Physical Likes to move his arms and legs around. Allowing clothes and blankets to be loose enough to enable movement
Placing your baby in a safe place to play (e.g., on a blanket or mat on the floor, or in their crib)
Cognitive
(how your baby thinks)
Can focus on objects 8 - 12 inches away. Holding your baby close to your face
Putting interesting shapes/patterns around the crib that are black and white
Language Can hear voices and sounds that can turn to a familiar voice. Talking and singing to your baby
Playing music
Reading to your baby (lets you baby use all their senses)
Social/emotional Cries to tell you they need something. Trying different ways to sooth your baby such as rocking, talking softly, stroking, cuddling and singing/humming.
Understanding that your baby cannot be spoiled by being picked up when they cry
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Babies like to:

  • Play and hold objects with two hands
  • Reach out and grasp objects
  • Turn their head to your voice and make a variety of sounds and coos
  • Laugh and smile at you
  • Lift their head and support themselves on their forearms when lying on their tummies

You can:

  • Give your baby toys that are safe to chew and shake
  • Repeat your baby’s actions and talk back to them
  • Follow your baby’s lead when playing and recognize cues your baby shows when they do not want to play anymore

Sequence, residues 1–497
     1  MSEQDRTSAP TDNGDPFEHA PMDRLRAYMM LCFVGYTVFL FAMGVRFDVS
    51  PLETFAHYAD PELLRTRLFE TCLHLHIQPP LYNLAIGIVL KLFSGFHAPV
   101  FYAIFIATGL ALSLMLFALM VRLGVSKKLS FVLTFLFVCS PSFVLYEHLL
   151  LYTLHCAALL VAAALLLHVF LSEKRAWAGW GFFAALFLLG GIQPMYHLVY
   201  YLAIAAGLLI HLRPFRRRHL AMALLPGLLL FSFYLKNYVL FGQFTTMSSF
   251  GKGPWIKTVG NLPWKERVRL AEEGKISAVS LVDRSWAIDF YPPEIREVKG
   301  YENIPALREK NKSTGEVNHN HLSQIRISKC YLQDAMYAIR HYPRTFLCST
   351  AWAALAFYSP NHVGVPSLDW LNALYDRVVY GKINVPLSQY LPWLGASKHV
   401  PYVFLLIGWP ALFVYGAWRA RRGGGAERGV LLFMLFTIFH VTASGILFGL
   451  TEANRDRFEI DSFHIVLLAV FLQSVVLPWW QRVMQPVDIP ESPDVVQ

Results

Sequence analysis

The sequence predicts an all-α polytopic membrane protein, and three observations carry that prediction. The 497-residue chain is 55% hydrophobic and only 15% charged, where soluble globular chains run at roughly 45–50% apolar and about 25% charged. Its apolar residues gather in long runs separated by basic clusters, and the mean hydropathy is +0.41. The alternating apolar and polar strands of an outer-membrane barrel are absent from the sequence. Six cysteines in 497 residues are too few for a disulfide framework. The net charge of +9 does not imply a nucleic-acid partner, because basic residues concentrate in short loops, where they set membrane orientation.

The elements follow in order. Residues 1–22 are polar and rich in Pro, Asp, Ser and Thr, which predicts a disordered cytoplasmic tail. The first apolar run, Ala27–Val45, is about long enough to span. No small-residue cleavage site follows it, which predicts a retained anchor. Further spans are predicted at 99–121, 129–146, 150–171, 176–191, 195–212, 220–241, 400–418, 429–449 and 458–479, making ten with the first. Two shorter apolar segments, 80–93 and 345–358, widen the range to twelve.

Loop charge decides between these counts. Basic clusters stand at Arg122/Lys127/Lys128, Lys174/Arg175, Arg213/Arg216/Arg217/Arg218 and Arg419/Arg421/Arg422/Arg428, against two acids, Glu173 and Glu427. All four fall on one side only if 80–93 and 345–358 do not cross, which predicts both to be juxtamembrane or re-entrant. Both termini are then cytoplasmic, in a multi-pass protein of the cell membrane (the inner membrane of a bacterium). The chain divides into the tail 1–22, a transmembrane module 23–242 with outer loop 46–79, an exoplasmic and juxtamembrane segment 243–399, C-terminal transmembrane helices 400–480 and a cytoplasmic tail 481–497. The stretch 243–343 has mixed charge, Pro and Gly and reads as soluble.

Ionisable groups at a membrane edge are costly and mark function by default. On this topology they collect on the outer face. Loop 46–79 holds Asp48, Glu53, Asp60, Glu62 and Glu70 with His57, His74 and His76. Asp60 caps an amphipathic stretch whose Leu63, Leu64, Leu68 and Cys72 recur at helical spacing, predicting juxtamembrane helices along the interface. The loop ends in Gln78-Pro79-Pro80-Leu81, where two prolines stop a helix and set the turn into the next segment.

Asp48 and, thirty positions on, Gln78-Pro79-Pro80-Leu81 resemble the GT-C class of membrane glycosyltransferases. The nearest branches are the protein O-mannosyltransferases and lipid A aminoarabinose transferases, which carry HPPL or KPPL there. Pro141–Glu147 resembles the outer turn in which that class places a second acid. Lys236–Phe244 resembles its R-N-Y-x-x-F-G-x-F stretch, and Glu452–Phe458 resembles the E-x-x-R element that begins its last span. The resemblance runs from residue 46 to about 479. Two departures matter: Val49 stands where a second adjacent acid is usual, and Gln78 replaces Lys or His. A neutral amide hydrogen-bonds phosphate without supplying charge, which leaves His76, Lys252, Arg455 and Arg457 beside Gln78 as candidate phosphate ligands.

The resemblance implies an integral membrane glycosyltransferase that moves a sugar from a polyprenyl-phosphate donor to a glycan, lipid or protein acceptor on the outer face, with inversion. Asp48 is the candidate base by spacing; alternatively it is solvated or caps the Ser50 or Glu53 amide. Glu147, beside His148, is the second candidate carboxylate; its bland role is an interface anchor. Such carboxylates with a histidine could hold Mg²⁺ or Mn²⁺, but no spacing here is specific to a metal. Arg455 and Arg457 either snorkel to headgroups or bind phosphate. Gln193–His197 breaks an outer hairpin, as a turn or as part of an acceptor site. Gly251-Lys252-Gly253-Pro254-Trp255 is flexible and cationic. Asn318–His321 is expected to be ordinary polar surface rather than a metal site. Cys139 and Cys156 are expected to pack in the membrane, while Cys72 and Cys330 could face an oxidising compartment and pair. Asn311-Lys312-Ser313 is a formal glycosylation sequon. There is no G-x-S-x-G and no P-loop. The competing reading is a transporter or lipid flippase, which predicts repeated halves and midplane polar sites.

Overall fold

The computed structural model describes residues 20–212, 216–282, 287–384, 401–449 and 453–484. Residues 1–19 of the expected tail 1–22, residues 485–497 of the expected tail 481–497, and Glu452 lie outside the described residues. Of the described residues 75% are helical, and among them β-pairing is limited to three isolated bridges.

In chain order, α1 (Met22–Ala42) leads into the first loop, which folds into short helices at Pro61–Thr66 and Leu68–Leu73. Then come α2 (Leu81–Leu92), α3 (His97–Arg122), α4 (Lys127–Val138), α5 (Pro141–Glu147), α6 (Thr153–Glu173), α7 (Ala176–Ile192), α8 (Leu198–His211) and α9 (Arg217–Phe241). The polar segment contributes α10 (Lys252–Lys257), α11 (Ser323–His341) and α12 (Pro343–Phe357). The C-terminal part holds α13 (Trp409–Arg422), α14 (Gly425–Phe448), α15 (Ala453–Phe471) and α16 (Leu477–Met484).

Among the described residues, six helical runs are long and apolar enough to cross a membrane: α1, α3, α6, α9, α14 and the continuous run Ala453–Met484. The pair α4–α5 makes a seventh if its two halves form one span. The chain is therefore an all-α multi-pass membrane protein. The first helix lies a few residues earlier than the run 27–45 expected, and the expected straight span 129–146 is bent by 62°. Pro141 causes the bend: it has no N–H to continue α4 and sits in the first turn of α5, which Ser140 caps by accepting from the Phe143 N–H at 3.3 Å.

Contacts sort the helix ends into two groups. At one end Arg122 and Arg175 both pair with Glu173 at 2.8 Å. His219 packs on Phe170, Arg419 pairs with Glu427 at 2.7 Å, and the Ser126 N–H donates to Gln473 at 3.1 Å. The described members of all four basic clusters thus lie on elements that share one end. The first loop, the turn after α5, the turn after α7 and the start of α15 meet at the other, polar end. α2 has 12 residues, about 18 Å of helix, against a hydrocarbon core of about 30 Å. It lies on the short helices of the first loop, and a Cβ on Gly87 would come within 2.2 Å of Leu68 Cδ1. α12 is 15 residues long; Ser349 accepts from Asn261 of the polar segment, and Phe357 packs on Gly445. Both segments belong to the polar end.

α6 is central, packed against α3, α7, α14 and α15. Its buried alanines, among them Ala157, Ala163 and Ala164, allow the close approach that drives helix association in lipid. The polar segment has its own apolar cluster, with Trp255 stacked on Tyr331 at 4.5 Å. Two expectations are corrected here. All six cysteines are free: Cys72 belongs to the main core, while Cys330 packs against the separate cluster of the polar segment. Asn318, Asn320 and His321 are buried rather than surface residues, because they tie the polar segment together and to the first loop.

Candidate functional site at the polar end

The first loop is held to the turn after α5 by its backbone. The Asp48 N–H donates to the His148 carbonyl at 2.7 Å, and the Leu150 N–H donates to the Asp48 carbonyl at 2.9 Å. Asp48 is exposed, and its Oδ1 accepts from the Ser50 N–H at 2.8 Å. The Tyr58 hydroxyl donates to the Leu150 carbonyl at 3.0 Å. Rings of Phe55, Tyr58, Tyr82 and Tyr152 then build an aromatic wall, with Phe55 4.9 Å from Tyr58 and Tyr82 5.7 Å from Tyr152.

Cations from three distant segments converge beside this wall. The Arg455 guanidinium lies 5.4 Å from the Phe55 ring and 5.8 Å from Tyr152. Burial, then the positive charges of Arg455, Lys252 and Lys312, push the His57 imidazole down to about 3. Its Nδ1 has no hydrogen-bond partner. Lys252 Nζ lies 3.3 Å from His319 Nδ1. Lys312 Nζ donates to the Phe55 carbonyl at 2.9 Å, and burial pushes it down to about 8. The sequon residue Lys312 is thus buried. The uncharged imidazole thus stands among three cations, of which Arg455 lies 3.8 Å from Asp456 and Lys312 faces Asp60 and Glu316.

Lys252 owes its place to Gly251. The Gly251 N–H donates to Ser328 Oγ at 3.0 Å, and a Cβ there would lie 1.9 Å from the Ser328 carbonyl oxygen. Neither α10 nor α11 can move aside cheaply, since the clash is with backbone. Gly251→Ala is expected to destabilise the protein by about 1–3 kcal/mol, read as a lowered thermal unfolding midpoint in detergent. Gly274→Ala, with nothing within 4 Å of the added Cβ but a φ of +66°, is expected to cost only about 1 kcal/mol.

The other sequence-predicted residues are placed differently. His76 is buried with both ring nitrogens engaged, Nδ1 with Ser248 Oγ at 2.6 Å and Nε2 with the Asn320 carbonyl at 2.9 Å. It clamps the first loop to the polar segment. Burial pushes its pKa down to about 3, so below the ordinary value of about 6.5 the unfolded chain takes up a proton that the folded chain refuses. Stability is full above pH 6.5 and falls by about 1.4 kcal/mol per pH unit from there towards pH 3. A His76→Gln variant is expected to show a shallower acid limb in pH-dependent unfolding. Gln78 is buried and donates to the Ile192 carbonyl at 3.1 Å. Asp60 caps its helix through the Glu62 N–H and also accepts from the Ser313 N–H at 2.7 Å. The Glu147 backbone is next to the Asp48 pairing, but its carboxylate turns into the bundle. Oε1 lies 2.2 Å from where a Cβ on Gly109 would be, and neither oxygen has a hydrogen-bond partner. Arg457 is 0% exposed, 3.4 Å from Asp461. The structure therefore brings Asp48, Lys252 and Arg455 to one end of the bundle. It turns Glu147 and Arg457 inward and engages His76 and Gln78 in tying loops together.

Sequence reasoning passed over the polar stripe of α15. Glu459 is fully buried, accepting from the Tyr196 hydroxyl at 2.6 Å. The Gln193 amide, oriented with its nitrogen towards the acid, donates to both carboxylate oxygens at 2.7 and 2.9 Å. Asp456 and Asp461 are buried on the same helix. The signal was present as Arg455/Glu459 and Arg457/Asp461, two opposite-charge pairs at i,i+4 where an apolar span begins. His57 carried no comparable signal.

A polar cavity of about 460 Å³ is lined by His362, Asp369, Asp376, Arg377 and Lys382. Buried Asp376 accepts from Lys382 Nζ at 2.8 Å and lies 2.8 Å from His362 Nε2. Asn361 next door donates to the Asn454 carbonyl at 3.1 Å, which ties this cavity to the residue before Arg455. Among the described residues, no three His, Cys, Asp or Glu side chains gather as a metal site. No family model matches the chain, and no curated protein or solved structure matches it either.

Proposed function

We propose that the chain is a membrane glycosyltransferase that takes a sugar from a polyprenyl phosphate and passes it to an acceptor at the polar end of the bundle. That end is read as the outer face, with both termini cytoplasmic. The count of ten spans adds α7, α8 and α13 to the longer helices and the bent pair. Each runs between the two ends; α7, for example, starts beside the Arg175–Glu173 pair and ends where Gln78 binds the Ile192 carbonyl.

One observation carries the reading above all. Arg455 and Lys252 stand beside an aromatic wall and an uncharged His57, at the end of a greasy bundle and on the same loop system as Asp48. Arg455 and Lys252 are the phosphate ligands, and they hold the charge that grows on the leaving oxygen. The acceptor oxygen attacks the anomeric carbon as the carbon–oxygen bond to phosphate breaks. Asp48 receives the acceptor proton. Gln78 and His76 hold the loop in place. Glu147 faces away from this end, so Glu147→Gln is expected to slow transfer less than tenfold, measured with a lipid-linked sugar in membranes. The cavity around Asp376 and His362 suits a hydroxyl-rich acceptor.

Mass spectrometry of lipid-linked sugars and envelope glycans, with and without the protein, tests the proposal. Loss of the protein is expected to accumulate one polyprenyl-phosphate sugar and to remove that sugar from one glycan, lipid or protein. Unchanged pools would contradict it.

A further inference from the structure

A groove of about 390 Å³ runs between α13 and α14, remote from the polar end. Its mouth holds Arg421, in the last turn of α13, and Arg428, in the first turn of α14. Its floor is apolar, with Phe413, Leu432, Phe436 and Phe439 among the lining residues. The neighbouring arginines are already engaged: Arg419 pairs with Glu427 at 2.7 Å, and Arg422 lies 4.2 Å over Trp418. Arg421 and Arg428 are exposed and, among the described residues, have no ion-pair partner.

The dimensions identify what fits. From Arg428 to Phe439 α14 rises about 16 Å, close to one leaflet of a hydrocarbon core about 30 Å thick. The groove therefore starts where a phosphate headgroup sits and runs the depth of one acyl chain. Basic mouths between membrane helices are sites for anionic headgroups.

• Wait for your baby to respond and react to your baby by smiling, laughing and praising
  • Give your baby supervised time playing on the floor on his/her tummy
Two months
Development Your baby: You can help by
Physical May begin to try to lift their head when lying on their stomach Placing your baby on stomach and back during playtime - "tummy time"
May hold an object for a few moments Putting toys in front of your baby (e.g., rattle, hanging toys)
Cognitive
(how your baby thinks)
Can follow movement with their eyes Watching your baby follow your face as you move when they are watching you
Putting a mobile above the crib (make sure to remove it when your baby can push up on their hands and knees though)
Moving a rattle from one side of your baby's head to the other
Language Gurgles and coos when spoken to and turns head at sounds close by Repeating sounds your baby makes
Playing soft music
Social/emotional Smiles at people and is soothed by a gentle, familiar voice Smiling at your baby when you see them
Soothing your baby by talking softly and repeating words and phrases

Three months
Development Your baby: You can help by
Physical Puts things in his/her mouth Giving your baby soft toys that are safe to mouth. Do not give your baby toys made from vinyl/PVC (polyvinyl chloride)
May swipe at dangling toys
Cognitive
(how your baby thinks)
Likes simple games Playing "peek-a-boo" and "making faces" with your baby
Playing games like "shake the rattle" or rings
Language Begins to make "ooh" and "aah" sounds and squeal Copying your baby's sounds
Looking at and talking about picture books
Social/emotional Smiles in response to parent's face Holding your baby closely and securely
Enjoys playing with other people and may cry when playing stops
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Babies like to:

  • Hear familiar voices, make a variety of sounds and babbling noises and listen to music
  • Kick and use their legs